May we find ourselves opening the door more often until 
we leave it open.  And may our joy come quickly as we realize
that you are the one we receive!

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Wednesday, March 20, 2019

Daily Devotion for Lent 2019 - Day 13

Scripture Reading: Matthew 9:2-38 (NRSV)

Is there a connection between sin and sickness?

For people living in first century Judea, this certainly seemed to be the case.

Similar to the leper asking to be made clean, Jesus forgives the paralytic of his sins.

In contrast to the spirit of mercy, the scribes thought ill of Jesus for this action.

Jesus then states that the evil in the room is not in the paralytic or in the friends who brought him before Jesus or even in Jesus for taking this authority.  The evil was in the hearts of those who thought ill of Jesus for making a declaration of forgiveness.

Jesus then doubles down on the restoration of human beings as he calls a tax collector to be a disciple.  He quotes from Hosea which reminds the people of God's deep mercy in the midst of their unfaithfulness.  Hosea was the prophet who married a prostitute as a sign-act to remind Israel of God's faithful devotion to them even in the midst of their idolatry.

We all need resurrection.
But we may be the ones Jesus needs to awaken.
Jesus is challenging the fabric of society.  All societies have caste systems.  Some are overt like in India but most are less obvious.  When those lines get blurred, people get nervous.  And so we see the Pharisees declare that his powers are demonic rather than divine.  When we feel our social structures threatened, we move to assume that God is not happy about it.  However, if Jesus is breaking these down, we may need to reexamine our own assumptions about insiders and outsiders.

This is necessary for us because Jesus calls us in the last section to begin to go out into the world.

The harvest may be riper than ever.

God, may it begin with me.

Prayer for the day:

God, we may be blind to your grace.
It is often easy enough to see in our lives, but...
we may not identify it as readily in others.
Jesus, open our eyes.
And as we begin to see, 
may you also loosen our tongues that we might witness to the world.

Photo by Pedro Ribiero Simões via  Used under the Creative Commons license.

Tuesday, March 19, 2019

Daily Devotion for Lent 2019 - Day 12

Scripture Reading: Matthew 8:1-9:1 (NRSV)

There's a new sheriff in town!

We can all identify with what this dog is feeling.
Jesus begins to show what living out the Sermon on the Mount looks like today in chapter eight.  He is doing more than providing healing physically.  Jesus is restoring people relationally.

In the first miraculous healing, Jesus encounters a leper.  Notice that the man doesn't ask to be made well but to be made clean.  In that day, lepers would have been removed from society.  In fact, approaching a non-leper like this could have gotten him stoned to death.  The Law was very clear on the matter:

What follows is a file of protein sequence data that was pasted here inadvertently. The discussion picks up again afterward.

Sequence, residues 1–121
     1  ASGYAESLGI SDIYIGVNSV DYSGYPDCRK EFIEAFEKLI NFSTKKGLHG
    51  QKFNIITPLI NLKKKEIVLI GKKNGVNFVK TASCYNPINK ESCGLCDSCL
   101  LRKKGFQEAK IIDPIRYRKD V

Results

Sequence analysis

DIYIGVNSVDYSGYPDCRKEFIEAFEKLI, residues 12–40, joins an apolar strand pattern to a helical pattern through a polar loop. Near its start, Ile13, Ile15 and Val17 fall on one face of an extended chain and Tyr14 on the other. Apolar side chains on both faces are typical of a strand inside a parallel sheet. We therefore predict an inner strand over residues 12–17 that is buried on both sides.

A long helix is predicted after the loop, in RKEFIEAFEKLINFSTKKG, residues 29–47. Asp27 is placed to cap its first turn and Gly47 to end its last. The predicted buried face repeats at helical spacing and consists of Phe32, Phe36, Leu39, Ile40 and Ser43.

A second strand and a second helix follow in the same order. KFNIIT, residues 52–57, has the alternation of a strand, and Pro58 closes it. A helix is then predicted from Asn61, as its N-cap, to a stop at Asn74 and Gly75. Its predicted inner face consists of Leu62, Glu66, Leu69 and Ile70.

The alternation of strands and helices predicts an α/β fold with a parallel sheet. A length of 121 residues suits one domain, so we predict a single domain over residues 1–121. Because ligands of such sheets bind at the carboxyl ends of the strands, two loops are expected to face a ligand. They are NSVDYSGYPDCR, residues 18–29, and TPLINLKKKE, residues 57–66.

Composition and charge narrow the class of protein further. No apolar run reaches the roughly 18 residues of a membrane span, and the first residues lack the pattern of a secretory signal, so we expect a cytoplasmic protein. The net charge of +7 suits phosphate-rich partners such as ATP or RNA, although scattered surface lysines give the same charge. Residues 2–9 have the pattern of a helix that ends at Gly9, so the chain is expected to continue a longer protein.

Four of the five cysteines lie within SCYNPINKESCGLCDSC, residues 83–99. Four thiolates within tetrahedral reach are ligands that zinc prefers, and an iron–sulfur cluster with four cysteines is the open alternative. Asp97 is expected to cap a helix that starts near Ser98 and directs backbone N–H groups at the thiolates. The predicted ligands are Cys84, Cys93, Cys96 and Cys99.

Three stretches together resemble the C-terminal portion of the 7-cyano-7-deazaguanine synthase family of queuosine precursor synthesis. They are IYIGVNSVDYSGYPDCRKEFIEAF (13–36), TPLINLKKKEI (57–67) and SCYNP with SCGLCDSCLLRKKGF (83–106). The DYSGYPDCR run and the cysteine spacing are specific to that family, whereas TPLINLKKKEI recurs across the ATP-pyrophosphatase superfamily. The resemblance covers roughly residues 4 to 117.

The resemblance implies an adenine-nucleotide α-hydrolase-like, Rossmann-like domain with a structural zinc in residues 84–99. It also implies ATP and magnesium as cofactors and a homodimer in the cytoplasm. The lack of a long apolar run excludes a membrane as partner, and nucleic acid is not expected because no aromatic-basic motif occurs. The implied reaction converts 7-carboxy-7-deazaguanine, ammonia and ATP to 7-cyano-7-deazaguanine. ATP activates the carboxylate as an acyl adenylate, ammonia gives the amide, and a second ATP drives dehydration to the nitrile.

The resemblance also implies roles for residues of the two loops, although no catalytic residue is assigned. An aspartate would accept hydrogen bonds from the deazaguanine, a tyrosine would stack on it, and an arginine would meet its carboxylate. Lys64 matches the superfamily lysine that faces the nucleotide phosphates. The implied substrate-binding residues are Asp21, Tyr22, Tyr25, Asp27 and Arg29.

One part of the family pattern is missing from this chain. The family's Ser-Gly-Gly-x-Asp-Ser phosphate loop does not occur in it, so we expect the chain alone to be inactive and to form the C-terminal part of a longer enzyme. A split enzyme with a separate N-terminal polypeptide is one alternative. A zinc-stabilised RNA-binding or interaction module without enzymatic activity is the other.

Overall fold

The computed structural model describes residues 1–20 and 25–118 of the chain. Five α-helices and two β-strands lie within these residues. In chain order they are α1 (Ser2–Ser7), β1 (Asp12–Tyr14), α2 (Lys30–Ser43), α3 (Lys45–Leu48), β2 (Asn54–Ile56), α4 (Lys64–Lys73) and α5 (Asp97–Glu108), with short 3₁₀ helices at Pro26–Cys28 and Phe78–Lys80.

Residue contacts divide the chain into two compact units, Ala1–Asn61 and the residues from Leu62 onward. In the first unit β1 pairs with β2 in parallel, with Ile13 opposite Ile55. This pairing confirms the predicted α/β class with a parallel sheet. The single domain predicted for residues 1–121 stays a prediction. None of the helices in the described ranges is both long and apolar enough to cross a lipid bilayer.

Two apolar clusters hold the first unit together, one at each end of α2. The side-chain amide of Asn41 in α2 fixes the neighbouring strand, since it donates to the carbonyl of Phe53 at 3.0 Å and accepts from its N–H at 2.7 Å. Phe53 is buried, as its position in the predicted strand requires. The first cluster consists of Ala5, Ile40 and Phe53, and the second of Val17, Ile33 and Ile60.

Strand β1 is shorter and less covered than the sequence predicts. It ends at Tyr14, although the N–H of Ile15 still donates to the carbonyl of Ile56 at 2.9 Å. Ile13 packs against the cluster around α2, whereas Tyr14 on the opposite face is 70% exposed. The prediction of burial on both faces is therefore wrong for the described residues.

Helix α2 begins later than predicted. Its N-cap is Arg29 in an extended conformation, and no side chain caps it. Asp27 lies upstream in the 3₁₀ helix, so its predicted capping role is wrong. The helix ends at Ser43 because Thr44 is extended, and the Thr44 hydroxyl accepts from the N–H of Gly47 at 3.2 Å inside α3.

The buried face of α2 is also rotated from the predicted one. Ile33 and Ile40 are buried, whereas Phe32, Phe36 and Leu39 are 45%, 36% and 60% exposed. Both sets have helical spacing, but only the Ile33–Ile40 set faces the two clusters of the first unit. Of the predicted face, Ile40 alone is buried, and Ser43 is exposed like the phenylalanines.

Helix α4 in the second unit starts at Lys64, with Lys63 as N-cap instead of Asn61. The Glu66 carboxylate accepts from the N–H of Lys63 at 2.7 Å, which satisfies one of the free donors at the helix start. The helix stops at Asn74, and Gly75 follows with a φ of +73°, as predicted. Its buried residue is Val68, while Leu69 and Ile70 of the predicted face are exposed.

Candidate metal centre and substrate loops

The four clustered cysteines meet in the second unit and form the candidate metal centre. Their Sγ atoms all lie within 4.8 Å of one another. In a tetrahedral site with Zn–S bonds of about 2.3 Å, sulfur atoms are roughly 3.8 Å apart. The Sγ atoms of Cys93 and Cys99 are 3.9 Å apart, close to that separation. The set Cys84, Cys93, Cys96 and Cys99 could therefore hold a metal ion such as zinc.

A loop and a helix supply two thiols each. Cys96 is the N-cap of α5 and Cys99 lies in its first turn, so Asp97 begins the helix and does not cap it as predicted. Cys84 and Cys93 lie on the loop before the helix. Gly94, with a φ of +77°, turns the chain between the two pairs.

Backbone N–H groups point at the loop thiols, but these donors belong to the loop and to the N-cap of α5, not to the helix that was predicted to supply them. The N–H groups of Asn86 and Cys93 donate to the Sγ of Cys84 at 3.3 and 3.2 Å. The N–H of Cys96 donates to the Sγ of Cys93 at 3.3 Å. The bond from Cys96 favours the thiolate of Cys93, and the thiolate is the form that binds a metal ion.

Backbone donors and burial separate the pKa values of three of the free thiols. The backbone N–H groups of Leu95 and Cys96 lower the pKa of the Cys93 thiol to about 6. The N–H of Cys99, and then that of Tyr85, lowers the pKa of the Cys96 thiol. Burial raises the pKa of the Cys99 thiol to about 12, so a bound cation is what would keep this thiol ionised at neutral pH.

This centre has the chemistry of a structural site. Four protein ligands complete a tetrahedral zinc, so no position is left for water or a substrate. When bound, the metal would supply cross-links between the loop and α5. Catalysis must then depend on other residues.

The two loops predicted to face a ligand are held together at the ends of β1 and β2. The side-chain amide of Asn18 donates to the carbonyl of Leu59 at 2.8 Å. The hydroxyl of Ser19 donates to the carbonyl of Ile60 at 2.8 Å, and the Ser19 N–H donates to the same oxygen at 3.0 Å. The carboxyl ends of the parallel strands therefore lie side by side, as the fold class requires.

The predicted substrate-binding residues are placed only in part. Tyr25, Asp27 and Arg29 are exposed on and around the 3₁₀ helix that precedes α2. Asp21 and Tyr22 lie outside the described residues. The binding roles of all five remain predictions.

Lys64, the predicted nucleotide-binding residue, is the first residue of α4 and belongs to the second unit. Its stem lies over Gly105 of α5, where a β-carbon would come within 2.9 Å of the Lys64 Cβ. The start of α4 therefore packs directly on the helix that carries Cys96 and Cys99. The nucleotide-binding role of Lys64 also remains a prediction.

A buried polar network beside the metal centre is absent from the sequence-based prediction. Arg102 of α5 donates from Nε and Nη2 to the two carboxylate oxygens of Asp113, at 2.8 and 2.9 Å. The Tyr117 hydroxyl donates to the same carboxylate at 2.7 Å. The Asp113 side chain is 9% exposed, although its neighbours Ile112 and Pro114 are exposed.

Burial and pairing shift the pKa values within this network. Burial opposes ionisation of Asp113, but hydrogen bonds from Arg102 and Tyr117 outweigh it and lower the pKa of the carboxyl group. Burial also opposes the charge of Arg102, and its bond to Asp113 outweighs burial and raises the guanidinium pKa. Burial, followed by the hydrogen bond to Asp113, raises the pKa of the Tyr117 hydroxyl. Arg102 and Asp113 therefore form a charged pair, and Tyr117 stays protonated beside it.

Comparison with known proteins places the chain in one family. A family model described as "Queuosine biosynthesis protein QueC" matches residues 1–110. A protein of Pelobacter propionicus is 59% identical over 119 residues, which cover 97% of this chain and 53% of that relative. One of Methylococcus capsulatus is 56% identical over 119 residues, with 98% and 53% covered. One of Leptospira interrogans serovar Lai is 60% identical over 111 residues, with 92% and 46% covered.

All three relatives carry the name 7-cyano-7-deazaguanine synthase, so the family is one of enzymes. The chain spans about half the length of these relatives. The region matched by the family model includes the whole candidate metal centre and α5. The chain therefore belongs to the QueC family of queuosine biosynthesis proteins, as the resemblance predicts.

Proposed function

The person who has the leprous disease shall wear torn clothes and let the hair of his head be disheveled; and he shall cover his upper lip and cry out, “Unclean, unclean.”  He shall remain unclean as long as he has the disease; he is unclean. He shall live alone; his dwelling shall be outside the camp.
                                                                      Leviticus 13:45-46 (NRSV)

So this is why Jesus tells him to show himself to the priests.  This is part of the Law.  Jesus has come to fulfill the Law as in Matthew 5:17.  It was the duty of the priests to declare a person clean again and fit to rejoin society.

Within the very next segment, Jesus heals a foreigner.  Not only is this a foreigner, it is a centurion.  He is a leader of soldiers that are occupying their country!  So when Jesus says to love your enemies and pray for those who persecute you, he puts his money where his mouth is.

The last story of the demoniacs may be a kind of play of Matthew's on the admonition not to cast your pearls before swine lest they turn and maul you.  Jesus is in foreign territory and shows that just as has power over the sea prior to this, he also retains power outside of Judea.  He casts his power (pearls) before swine and they ask him to leave.  At least they don't turn and maul him but they are not interested in the disruption.  This rebuke may be indicative of his own people who will later crucify him.

The story shows that reconciliation is often costly (a whole herd of swine meant the loss of a lot of wealth).

To be in relationship has been shown by Jesus to sometimes be expensive.  But what is it worth in human lives saved?

What kind of relational healing do you need in your life today?

What do you think it would cost?

Prayer for the day:
God, we sometimes feel separated from our friends and family.
It is as if we've been yelling, "Unclean, unclean!"
And there are other times we've been doing the ostracizing.
Sometimes it has been accidental and sometimes we were quite conscious of what we were doing.
We pray to you in Christ that Jesus might heal the brokenness among us - that of our own making and that which has visited us without cause.  Amen.

Photo by Will Lin via  Used under the Creative Commons license.

Monday, March 18, 2019

Daily Devotion for Lent 2019 - Day 11

Scripture Reading: Matthew 7:13-29 (NRSV)

Jesus brings us to the end of the Sermon on the Mount today.